PORT CLINTON – Despite toxic algal blooms, fish from Lake Erie are safe to eat, according to early results of a study from Ohio State University.
Researchers have finished one year of the study into how harmful algae affects walleye, yellow perch and white perch,… said Jay Martin, professor of ecological engineering at OSU’s Department of Food, Agricultural and Biological Engineering.
Researchers say they have discovered only trace amounts of microcystin in the fish.
“The main message is the fish are safe to eat,” said Martin, who admitted to eating perch and walleye on a recent trip to the lake. “The average person doesn’t have anything to fear eating fish from Lake Erie.”
The results are consistent with results from Ohio Department of Natural Resources testing during a harmful 2011 algal bloom, which was the worst on record.
Microcystin can cause liver problems and gastrointestinal illness in people and can be fatal to dogs. In early August, the city of Toledo advised its more than 400,000 water customers not to drink water from its water treatment plant for two days because it was contaminated with the toxin.
Eating fish that contain microcystin is another possible pathway for exposure to the toxin, Martin said.
The study shows walleye have the highest concentrations of microcystin, followed by white perch. Yellow perch had the smallest amount, he said.
But each species had a very small amount, Martin stressed.
Walleye, the largest of the three fish, and yellow perch are two of the most prized game fish on Lake Erie and often are served in local restaurants.
White perch, an invasive species, was chosen for study because its numbers have increased as Lake Erie has warmed through climate change in recent decades. Although not a popular game fish, white perch could become more popular in the future, Martin said.
Researchers aren’t sure why walleye have the highest concentration nor why yellow perch have the lowest. They’re trying to determine how the toxin get into the fish, whether it’s through what they eat or what they absorb.
“It could be based on where they’re swimming,” Martin said. “It could be coming in through their gills.”
Walleye swim in the upper water column, which sometimes is closer to harmful blooms, he said. Or they could have higher concentrations because they eat other fish that might contain the toxin.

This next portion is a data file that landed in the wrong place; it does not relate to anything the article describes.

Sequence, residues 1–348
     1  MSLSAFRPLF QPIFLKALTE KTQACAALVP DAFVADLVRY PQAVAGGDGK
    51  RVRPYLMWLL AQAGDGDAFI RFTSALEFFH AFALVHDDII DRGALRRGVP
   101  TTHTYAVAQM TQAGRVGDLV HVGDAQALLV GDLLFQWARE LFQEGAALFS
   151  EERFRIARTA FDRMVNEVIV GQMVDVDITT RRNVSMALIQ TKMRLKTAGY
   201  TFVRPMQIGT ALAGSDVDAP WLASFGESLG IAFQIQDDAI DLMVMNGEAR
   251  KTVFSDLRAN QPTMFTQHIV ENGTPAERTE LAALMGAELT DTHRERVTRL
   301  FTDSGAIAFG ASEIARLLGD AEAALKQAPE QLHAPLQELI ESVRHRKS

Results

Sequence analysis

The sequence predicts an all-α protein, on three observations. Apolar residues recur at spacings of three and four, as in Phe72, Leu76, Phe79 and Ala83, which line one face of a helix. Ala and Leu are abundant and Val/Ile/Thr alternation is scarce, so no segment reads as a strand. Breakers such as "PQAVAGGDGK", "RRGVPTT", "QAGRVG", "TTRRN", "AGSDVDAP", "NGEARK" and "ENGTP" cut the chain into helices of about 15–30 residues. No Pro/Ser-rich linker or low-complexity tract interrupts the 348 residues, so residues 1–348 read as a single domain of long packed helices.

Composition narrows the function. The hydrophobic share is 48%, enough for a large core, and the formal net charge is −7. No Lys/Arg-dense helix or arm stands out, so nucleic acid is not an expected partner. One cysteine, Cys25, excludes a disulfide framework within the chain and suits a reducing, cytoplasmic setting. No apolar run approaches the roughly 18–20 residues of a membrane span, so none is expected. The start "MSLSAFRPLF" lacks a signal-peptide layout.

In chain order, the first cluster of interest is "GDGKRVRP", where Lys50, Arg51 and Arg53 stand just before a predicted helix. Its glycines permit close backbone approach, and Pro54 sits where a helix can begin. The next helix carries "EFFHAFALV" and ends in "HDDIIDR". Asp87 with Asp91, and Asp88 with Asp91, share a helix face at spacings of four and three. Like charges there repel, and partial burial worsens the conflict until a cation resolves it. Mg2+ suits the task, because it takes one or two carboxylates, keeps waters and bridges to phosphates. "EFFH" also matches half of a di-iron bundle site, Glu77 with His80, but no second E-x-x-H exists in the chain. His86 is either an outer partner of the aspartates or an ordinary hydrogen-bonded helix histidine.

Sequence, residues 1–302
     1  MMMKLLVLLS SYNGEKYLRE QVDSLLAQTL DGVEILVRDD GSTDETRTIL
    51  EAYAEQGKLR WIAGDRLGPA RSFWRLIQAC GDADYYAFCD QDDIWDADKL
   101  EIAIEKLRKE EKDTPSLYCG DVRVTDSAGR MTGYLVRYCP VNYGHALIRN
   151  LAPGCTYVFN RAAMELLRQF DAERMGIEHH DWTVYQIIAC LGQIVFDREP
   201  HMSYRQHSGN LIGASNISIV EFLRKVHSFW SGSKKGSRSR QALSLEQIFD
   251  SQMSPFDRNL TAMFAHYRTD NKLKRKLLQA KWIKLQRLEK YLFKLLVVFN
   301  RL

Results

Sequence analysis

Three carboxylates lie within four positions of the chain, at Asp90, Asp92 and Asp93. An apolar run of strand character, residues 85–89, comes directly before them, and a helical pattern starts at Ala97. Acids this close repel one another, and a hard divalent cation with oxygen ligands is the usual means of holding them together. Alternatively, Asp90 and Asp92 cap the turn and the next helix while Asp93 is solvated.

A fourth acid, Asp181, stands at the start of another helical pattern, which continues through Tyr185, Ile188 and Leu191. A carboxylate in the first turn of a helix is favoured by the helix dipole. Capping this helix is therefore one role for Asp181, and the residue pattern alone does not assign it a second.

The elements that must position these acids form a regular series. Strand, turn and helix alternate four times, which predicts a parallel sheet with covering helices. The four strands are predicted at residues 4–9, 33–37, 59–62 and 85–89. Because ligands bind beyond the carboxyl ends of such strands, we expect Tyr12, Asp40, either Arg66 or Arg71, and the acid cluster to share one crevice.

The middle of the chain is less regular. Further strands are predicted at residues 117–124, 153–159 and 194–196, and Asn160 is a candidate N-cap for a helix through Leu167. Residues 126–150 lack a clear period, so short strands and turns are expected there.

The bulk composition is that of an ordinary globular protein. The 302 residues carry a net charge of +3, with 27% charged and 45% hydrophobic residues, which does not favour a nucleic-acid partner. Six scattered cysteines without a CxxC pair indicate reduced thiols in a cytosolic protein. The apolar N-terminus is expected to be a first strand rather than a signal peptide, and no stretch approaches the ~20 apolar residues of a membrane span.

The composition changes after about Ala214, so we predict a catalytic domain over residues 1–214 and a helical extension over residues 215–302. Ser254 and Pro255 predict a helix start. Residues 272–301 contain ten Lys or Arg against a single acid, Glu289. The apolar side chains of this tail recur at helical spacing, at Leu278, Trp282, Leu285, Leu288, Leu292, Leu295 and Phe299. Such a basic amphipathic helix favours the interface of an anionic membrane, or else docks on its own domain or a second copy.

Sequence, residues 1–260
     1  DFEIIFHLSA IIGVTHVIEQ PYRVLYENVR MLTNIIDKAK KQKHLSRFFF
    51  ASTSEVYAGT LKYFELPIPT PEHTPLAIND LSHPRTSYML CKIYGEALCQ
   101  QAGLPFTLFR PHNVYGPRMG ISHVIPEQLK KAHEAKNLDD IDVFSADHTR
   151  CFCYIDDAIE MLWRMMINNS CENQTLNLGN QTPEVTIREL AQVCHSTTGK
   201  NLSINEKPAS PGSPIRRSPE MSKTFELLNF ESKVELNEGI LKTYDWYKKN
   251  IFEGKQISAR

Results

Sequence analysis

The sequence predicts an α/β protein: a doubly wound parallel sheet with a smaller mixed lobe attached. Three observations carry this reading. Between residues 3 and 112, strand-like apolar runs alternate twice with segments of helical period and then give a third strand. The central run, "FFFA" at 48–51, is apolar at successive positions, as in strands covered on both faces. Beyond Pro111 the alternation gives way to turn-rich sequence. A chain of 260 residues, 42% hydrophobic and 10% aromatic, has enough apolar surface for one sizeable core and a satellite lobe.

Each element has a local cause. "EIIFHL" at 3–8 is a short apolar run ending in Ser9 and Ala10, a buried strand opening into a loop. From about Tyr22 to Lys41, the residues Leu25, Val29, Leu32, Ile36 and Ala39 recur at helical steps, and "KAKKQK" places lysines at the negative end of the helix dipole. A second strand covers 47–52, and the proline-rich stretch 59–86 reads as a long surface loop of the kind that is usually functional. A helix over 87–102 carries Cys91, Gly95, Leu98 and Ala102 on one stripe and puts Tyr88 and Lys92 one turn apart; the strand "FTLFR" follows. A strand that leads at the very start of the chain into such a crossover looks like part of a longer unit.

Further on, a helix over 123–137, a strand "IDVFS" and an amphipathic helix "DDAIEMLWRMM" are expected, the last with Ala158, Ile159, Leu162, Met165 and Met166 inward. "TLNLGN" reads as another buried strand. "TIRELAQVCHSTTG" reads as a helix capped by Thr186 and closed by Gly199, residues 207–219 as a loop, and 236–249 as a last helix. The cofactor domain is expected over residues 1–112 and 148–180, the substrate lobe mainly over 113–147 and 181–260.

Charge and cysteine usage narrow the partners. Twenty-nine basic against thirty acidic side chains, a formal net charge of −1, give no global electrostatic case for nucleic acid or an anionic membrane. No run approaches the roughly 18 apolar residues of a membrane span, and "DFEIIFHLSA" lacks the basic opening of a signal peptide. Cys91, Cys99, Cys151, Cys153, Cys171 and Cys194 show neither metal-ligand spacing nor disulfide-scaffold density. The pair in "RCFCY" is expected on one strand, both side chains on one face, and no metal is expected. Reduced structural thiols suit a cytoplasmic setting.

Yellow perch tend to feed closer to the lake bottom, where there would be less harmful algae. Yellow perch eat other fish, but not as much as walleye.
Scientist also are trying to determine whether toxin levels in fish are higher during a particularly bad bloom or whether the levels increase in fish over time.
The study is timely as climate change continues to warm Lake Erie, making algal blooms worse. The harmful algae — actually a bacteria — prefer warmer water, scientists say.
Climate change also has resulted in more intense storm events that spur two contributors to harmful algae: farm runoff and combined sewer overflows, in which a wastewater system is overwhelmed and sends untreated sewage into waterways. Phosphorous from both sources feeds the algae, which was a problem on Lake Erie in the 1960s and ’70s and then re-emerged in 2002.
The current study will continue through October, and Ohio State is trying to get funding to keep it going longer.
“There’s a need to continue monitoring this,” Martin said.
The university is working with the ODNR to catch yellow and white perch in the Maumee Bay area. Charter boat captains have been helping by sending in pieces of fillets from walleye caught in the Sandusky Bay area, an effort coordinated by Justin Chaffin at OSU’s Stone Laboratory.
Both bays are in the Western Basin, which is the part of Lake Erie most affected by harmful algal blooms.
Fertilizer program begins
The Ohio Department of Agriculture will begin offering training courses for the state’s new fertilizer certification program in September. The program is meant to teach farmers how to best apply fertilizer to control costs and reduce the amount that runs into streams and eventually in lakes or the ocean. Farm runoff is the main cause of toxic algae blooms in Lake Erie. More information on the program can be found atwww.ohioagriculture.gov/CommercialFertilizerCert.
Photo caption: A pair of fishing charter boats head out on Lake Erie for an afternoon of fishing on Tuesday, Aug 26, 2014.
(Photo: Jonathon Bird/Gannett Ohio )
View original article at: Study shows fish safe to eat, despite algal bloom